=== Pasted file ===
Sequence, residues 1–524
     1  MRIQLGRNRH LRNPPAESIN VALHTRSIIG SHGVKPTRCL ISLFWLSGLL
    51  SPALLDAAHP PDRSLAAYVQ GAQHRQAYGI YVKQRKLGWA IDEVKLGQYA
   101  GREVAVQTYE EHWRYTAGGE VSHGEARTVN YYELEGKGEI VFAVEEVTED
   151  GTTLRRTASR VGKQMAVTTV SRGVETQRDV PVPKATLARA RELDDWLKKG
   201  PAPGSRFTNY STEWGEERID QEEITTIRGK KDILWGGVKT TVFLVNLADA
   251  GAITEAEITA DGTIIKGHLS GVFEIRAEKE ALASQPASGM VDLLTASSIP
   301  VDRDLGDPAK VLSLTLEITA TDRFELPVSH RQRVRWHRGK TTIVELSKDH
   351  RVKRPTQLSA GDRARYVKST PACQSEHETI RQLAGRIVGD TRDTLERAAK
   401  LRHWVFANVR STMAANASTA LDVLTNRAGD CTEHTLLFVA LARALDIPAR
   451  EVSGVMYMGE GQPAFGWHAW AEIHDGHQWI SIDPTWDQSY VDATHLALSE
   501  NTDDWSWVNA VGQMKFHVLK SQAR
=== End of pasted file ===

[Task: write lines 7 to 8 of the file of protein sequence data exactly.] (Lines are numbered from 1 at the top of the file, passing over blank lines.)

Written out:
   251  GAITEAEITA DGTIIKGHLS GVFEIRAEKE ALASQPASGM VDLLTASSIP
   301  VDRDLGDPAK VLSLTLEITA TDRFELPVSH RQRVRWHRGK TTIVELSKDH